|Hit album, or gateway drug?|
Here's my history on music piracy. I absolutely love music. I always have. I remember discovering a bunch of my Dad's 45s and listening to them over and over on my Fisher Price record player (yes, I'm old...). The first album I purchased was Michael Jackson's Thriller (on vinyl, btw), and I was one of
the first in my neighborhood to get it because it was hard to find at the time. I tried to buy music whenever I could (Cassettes, Records, 45s, cassingles, and eventually CDs) but I usually lacked the funds, so I would wait for American
Top 40 each week and record my favorite songs right off the radio. I honestly never gave it a second thought, but it was technically music piracy.
|It was easier leave the Mafia than this club|
When I had a bit more disposable income, I joined one of those music clubs (12 cassettes for a penny!) and expanded my library. Eventually I discovered MP3s in their infancy and discovered I could download songs from FTP servers. This was huge for me and again, it never occurred to me that it was piracy. I viewed it as someone letting me listen to their music collection and taking a copy of the ones I liked. I discovered so many new artists and songs.
Eventually I downloaded Napster like everyone else, and my music
collection grew and grew (which was quite an accomplishment over a 56k
dial-up). I began to hear the rumblings about downloading songs off Napster
being illegal and pirating music became a household word. I wasn't too
ethically bothered by it. My justification was that the majority of songs I
downloaded were either already available for free on the radio, or songs I
realistically would never buy anyway. Napster was eventually shut down and I
turned to some of the alternates, but then Apple introduced iTunes.
About this time, I was becoming more serious about my writing, working on
a novel and eventually screenwriting. While learning about the business side
of it, I realized that in order to make money on it, I'd have to have people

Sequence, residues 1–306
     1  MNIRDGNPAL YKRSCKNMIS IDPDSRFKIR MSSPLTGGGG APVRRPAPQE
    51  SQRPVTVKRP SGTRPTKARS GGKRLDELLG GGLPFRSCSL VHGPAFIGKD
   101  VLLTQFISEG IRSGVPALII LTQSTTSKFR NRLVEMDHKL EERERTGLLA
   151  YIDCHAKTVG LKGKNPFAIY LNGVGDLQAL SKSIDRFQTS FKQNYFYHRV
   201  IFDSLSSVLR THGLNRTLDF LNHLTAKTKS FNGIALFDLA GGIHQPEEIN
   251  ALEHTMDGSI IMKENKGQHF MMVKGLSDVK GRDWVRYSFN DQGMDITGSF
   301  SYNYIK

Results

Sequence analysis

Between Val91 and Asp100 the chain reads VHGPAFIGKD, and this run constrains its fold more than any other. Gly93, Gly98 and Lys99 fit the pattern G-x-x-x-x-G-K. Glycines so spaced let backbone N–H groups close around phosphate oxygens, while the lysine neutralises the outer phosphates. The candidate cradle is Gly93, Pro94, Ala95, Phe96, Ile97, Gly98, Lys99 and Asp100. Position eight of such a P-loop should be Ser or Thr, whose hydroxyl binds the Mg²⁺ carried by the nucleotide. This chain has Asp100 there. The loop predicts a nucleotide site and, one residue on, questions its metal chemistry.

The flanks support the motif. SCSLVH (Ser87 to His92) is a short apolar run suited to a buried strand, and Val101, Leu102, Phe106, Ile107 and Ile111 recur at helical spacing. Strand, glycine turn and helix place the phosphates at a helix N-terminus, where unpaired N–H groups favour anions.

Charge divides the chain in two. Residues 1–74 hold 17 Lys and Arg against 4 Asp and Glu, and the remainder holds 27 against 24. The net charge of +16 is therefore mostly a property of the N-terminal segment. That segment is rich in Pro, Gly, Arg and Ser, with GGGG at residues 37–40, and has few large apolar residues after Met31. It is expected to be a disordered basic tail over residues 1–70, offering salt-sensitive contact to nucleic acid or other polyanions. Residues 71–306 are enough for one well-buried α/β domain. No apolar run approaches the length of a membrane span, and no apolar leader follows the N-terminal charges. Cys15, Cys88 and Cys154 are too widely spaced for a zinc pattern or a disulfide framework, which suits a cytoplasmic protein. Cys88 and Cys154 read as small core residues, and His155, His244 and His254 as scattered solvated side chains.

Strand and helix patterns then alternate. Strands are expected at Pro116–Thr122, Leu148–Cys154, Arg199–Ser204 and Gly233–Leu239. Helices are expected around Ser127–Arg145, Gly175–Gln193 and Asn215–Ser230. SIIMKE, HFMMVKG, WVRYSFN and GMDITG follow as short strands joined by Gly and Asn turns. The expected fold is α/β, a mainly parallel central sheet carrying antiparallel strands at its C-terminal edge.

either buy my books, or pay to see my movies. It didn't take long to make
the connection to other media, including music. While musicians make a lot
of their money off things other than their albums (live shows, etc), they
won't continue to create music if they aren't selling albums. Now I look at
purchasing music as a "vote" to the artist that I like what they're doing
and I hope they'll continue to do it. I could easily still download or
listen to it for free, but very few artists can afford to keep releasing
music without a paying audience.
Today, I purchase nearly all of my music and subscribe to iTunes match
which basically legalizes all of my previous downloads for a yearly fee of
$25. If I download anything from a file sharing site it either isn't
available on iTunes or Amazon, or is a bootleg recording, which again, isn't
available. I don't look down on anyone who still downloads their stuff for
free, but I personally don't do it anymore, especially since I can afford
One important note was during all my "piracy" years I STILL BOUGHT MUSIC.
I think the current model of free, ad supported streaming (Pandora, Spotify)
coupled with legitimate downloads (iTunes, Amazon) is basically the new
model we'll see in the future. Music on the radio is essentially an
advertisement for the artist's album. If you like the song, you'll buy the
album or go to the concert. Pirated music is no different. I discovered so
many new artists, and subsequently bought songs, albums, and attended
concerts of the artists I liked.
For the most part, piracy is good for the entertainment industry. You think Microsoft would be so dominant if all of their copies of Windows or Office were legitimate, or Sony would have established the first Playstation if the games weren't so easy to copy? Nope. Today's recorded music is a loss leader for more lucrative Live performances or music licenses for movies and television.